WeChat Payment Crossborder is not particularly new, but to a lot of businesses outside China it can still seem like magic.
The concept is simple: customers pay with their regular WeChat account in RMB, and the money directly arrives in your oversea account in the local currency. As of today (October 11th) , it supports 8 foreign currencies: USD, Euro, Australian dollar, Singapore dollar, Korean won, Japanese yen, British Pound and Hong Kong dollar.
How to apply:
Go to the following url:
What are the fees?
Account creation fee: free
Transaction fee: 3%
Settlement date: T +1 (T stands for transaction date)
Minimal settlement amount: 5000 USD
Bank fee: shared (Tenpay covers bank fee for transferring money out from the Chinese bank; other charges such as cost of intermediary banks or receiving banks are covered by account owner)
What are the requirements?
Any foreign company can apply.
But there is a catch: you will need to have a China visible WeChat Official Account (OA). Two ways you can apply for this type of account:
For most companies, you need to find a local company who has Chinese business license to apply for a Chinese OA.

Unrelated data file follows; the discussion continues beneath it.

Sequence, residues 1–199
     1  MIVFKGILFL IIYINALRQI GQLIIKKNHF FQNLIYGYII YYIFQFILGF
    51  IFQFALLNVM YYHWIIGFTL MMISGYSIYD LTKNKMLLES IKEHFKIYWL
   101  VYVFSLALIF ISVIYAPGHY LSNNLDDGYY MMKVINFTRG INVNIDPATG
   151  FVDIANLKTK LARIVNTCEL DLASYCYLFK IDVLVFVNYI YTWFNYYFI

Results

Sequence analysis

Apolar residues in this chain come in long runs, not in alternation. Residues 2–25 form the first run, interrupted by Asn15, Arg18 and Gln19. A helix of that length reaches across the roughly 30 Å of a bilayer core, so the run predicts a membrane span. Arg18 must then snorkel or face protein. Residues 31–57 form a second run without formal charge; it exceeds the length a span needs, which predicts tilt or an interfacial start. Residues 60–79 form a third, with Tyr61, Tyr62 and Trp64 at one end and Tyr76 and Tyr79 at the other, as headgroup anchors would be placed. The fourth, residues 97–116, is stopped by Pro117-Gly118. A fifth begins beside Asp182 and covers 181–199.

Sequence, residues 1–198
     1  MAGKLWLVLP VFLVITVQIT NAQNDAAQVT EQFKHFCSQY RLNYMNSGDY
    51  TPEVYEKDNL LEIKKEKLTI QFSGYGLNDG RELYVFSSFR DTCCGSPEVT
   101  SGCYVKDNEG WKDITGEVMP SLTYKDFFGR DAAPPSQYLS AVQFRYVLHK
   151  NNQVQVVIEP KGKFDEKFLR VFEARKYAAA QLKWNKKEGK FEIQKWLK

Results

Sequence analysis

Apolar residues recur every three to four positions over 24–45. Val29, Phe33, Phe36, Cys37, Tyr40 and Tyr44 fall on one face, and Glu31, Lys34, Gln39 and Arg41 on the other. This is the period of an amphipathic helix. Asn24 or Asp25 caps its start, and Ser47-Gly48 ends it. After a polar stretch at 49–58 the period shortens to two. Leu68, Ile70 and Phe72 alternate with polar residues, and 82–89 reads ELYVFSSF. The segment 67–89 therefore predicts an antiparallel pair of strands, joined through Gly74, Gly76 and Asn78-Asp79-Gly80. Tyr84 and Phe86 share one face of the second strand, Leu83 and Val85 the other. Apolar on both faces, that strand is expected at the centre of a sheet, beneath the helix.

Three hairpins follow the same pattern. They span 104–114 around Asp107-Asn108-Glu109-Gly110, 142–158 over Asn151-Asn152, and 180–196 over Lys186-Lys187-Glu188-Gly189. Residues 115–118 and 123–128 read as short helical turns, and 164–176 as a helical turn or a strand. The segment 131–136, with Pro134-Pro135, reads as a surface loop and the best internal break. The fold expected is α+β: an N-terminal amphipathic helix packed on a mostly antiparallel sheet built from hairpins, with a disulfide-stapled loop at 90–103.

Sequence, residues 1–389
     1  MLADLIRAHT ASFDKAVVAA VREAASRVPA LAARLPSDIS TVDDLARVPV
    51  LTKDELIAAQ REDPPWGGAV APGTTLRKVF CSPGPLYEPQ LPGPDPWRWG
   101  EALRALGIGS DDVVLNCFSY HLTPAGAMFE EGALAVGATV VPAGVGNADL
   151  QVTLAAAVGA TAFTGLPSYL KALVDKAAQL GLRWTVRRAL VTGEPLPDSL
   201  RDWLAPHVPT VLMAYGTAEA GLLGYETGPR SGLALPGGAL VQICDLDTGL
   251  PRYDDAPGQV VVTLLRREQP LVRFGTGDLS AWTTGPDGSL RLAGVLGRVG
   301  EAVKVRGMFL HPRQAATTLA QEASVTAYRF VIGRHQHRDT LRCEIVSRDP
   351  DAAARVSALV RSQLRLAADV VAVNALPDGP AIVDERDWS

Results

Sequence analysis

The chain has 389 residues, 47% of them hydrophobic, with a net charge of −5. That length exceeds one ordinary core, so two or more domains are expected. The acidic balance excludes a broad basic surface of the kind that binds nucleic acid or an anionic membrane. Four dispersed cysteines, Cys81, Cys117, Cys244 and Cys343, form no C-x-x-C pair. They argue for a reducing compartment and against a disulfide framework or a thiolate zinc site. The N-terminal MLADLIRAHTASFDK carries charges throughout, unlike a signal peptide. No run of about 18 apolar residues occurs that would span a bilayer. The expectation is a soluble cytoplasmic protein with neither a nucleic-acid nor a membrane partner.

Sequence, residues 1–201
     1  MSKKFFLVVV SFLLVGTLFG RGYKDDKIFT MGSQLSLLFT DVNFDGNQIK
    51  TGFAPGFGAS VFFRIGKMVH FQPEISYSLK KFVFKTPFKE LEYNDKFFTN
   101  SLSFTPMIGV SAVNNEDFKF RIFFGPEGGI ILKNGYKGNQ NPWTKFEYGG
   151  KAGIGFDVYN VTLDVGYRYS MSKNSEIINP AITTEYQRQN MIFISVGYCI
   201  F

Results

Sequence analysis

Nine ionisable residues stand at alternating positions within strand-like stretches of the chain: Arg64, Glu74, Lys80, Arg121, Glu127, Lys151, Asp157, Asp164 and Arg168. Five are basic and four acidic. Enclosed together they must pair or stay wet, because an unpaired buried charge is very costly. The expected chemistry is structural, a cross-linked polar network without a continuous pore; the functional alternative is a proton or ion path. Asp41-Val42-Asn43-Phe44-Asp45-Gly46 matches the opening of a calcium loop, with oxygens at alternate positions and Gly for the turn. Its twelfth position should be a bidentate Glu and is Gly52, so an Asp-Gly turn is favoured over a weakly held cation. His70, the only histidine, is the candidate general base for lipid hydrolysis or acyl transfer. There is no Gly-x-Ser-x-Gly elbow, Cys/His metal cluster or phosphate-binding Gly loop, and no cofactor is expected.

For foreign companies who are exporting a physical product to China, you can create a Chinese OA with your foreign business license.
You will also need a local company (with a Chinese business license) to enter the agreement and take part of the legal risk (contact email@example.com for further information about this process)
Application process lasts for about two months (as of today)
Why is it useful?
The usefulness of WeChat payment cross border accounts can hardly be overstated. They will mostly benefit two industries.
The WeChat cross border payment system enables Chinese users to purchase items directly from shops, hotels or restaurants abroad without having to exchange currency or withdraw money: a key factor which will increase the amount of purchases among Chinese tourists.
WeChat cross-border will also enable companies outside China to sell in the Chinese market without having to set-up shop in China.
Source: Walk The Chat